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Defeatism Lurks Behind The Sloganeering

Financial Times
By Thomas Barlow
November 17, 2001

It is amusing that the white-coated nerds of the genomic revolution, self-anointed lords over the codes of life, are frequently accused of "playing God". For in our current enlightened age, as I am not the first to point out, God is deemed to have ceased to exist; and to play his role with any measure of authenticity presumably requires little more than a pretence of absence.

How apt then that last month the US Department of Agriculture should issue its first permit for the field trial of a genetically modified insect (a pink bollworm moth, modified to contain the standard fluorescent jellyfish gene) and that at the same time it should refuse to disclose the location of the experiment.

It was apparently the fear of vandalism by bullying activists that led to this. How exquisite to imagine that those who have chosen to see every transgenic creation as a desecration, and whose wilful ritualistic destruction of GM crop field trials, and whose strident rhetoric about the dangers of "playing God", should have caused a concomitant God-like shroud of invisibility. You have to wonder, since the expressions are used so frequently, why it is that "playing God" and "messing with nature" have become such resonant motifs in contemporary criticisms of scientific and technological development?

One possibility is that they simply ring true for a culture that has grown too avaricious - especially one grown greedy for change and eager to take whatever it can of nature`s bounty, thoughtless as to cost. This cannot be the whole story, though. Interfering with the natural world is by no means a unique attribute of modernity: even hunter-gatherer societies have been known to transform their environments in profound ways.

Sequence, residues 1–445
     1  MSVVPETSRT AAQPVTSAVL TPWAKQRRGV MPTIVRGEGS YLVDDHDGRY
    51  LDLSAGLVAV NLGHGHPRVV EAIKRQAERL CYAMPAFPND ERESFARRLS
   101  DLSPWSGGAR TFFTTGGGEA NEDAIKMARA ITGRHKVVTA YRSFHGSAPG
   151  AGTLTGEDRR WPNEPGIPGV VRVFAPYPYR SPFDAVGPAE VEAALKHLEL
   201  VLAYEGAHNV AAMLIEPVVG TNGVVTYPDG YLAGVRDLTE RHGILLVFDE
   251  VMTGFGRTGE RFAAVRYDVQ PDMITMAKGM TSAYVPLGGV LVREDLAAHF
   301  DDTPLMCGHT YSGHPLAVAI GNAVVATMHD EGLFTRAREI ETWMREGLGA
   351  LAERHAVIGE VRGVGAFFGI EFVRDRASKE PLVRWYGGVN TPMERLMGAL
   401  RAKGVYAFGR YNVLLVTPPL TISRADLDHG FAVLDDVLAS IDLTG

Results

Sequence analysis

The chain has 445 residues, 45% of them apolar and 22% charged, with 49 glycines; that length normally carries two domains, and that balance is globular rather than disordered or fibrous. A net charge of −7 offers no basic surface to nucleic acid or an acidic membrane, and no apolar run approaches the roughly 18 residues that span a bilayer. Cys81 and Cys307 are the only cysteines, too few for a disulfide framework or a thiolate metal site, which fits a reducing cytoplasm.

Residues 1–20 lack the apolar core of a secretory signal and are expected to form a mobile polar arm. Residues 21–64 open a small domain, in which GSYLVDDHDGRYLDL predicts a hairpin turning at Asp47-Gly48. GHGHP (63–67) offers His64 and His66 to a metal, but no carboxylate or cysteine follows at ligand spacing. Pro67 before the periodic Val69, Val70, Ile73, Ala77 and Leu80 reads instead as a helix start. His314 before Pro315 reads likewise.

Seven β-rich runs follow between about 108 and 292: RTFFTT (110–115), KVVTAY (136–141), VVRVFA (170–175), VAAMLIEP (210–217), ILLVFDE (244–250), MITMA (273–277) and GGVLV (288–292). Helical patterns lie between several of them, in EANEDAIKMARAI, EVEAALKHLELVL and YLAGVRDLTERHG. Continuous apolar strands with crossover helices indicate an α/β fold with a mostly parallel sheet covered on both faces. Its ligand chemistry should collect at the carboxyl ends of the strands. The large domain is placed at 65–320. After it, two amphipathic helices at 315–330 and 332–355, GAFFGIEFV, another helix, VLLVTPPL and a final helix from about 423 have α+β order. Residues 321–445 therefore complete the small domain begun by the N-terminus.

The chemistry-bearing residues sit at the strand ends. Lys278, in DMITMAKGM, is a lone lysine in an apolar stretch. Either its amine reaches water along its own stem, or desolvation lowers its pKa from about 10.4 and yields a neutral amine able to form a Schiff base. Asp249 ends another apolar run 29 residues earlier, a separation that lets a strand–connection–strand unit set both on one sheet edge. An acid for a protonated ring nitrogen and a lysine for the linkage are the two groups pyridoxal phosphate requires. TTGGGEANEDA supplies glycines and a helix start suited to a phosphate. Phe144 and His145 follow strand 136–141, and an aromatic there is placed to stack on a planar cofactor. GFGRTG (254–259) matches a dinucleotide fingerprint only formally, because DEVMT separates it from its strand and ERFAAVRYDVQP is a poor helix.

Aboriginal Australians, for example, transformed the ecology of their continent through systematic burning. And indigenous people in different parts of the world have messed about quite enough at various times to wipe out who knows how many species of fauna. Another related possibility is that the slogans are pertinent because they serve as warnings (or as antidotes) in a world where science provides the tools to interfere with things on a scale and at a speed never before imagined.

There are few more haunting illustrations of this than the boat carcasses left rusting in the desert as the Aral Sea retreats. Now shrunk to a fifth of its previous volume by an irrigation scheme that has relentlessly drained the great rivers Amudar'ya and Syrdar'ya for the cotton fields in Uzbekistan, the Aral Sea has dropped in depth by nearly a metre a year for 20 years - an extraordinary change by any reckoning.

Yet for every example like the Aral Sea, how many others are there that tell a wholly different tale? The history of water management has had its triumphs as well as its failures. Dams provide 20 per cent of the world`s power and 15 per cent of the world`s food. There are whole cities that could scarcely exist without grand-scale water engineering projects. Arid southern California, including Los Angeles, for example, could support only a third of its existing population without the blessing of the Hoover Dam on the Colorado River.